Highbury Library Logo

Highbury Library Logo

Tuesday, 13 May 2014

2002 - MY memories of the Ray and Freddie show

2002 FA Cup Final



Having travelled to Cardiff on the train from Paddington in 2001 we decided to take a minibus from Dover for the Chelsea game in 2002. The previous year had seen a magnificent day in the Cardiff sunshine spoiled by Steve Dunn’s deliberate act of stopping Arsenal from winning the FA Cup (just check the video from that match and tell me there isn’t something fishy about a referee who seemed to make it his personal quest to upset Dennis Bergkamp). The highlight of that train journey the previous year had been at Reading station where a train full of Arsenal supporters spied a train spotter in a Tottenham shirt at the end of the platform – we were the first train of the day and it absolutely erupted once this cretin had been seen.
Back to May 2002 and we set off on the afternoon before the game after a quick drink at The Boar’s Head. The fun bus, bedecked in its red and white ribbons, was packed with beer and crisps and brandy and Dover Gooners – there was me, my Dad, my brothers, Bill, Gary, David, Frank and Tony, with Scott, a Newcastle fan, doing the driving for us. The singing was good (or largely out of tune) and we made good time all the way to Bracknell where I insisted on an impromptu pee stop by the side of the road. Having been abused mercilessly for curtailing the progress I was amazed to see every other sod also get off the bus to relieve their aching bladders.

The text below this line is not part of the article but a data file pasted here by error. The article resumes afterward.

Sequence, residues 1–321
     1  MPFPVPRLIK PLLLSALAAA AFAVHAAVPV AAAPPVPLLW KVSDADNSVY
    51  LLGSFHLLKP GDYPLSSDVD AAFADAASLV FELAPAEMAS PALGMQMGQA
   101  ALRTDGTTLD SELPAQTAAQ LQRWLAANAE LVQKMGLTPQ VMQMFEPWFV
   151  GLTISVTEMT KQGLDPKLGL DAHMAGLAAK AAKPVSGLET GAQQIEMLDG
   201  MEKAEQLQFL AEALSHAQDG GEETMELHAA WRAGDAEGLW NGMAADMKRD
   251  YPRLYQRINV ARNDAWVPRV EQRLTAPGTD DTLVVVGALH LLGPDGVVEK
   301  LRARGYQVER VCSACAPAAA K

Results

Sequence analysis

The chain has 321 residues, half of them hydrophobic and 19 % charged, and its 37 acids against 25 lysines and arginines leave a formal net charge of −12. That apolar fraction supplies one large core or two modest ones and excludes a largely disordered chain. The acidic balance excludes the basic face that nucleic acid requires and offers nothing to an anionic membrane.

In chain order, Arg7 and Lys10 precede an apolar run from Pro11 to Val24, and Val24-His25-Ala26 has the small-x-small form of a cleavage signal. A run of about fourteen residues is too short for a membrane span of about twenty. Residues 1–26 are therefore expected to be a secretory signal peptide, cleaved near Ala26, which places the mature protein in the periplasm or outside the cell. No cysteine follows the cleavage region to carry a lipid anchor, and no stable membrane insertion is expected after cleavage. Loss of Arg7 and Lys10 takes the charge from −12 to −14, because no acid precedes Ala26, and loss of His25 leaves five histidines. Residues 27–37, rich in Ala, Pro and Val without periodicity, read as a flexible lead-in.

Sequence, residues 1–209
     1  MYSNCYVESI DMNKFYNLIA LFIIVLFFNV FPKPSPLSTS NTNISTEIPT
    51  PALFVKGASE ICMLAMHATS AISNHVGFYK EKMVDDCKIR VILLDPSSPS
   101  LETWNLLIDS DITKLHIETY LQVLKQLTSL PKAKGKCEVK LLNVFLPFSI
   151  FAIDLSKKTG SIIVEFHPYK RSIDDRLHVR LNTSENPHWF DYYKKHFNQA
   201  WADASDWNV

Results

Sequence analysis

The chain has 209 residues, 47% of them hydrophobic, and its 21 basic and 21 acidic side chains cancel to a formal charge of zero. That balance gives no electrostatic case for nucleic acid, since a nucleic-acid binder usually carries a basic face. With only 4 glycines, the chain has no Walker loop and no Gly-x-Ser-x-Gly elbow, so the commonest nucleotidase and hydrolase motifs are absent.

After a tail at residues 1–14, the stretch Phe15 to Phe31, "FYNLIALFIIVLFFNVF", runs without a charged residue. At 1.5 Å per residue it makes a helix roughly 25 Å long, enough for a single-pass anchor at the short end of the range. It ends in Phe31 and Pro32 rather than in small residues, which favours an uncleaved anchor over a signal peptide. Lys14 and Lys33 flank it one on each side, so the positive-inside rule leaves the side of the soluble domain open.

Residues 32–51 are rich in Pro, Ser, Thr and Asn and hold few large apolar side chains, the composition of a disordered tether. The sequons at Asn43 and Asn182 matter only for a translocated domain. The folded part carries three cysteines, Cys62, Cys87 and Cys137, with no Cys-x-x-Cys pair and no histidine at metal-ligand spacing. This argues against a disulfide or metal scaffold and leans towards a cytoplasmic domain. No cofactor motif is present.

Having stopped on the M4 for diesel and a small (!) brandy coffee we eventually got to our hotel in Chepstow around tea-time. A quick change of clothes and we headed off up the hill to join Frank Stubbs and the Maidstone Gooners for a night of good food and drink to prepare for what lay ahead the following day.

Pre-match in a magnificent stadium


We were all up early the following morning for a cooked breakfast, and some more brandy. We were “joined” by a family of Chelsea supporters who I don’t think were regulars at the Shed back in the 80’s. Gary offered them some brandy to usher in the day only to be told in a very plummy accent “We do our celebrating after the game”. Naturally they were told to expect a very sober day in that case. Off in to the bus again and we were in Cardiff early doors. After a quick walk around, and meeting Peter Nicholas briefly, we settled in front of Cardiff Castle with the remaining beers to enjoy the Cardiff weather and hospitality once again.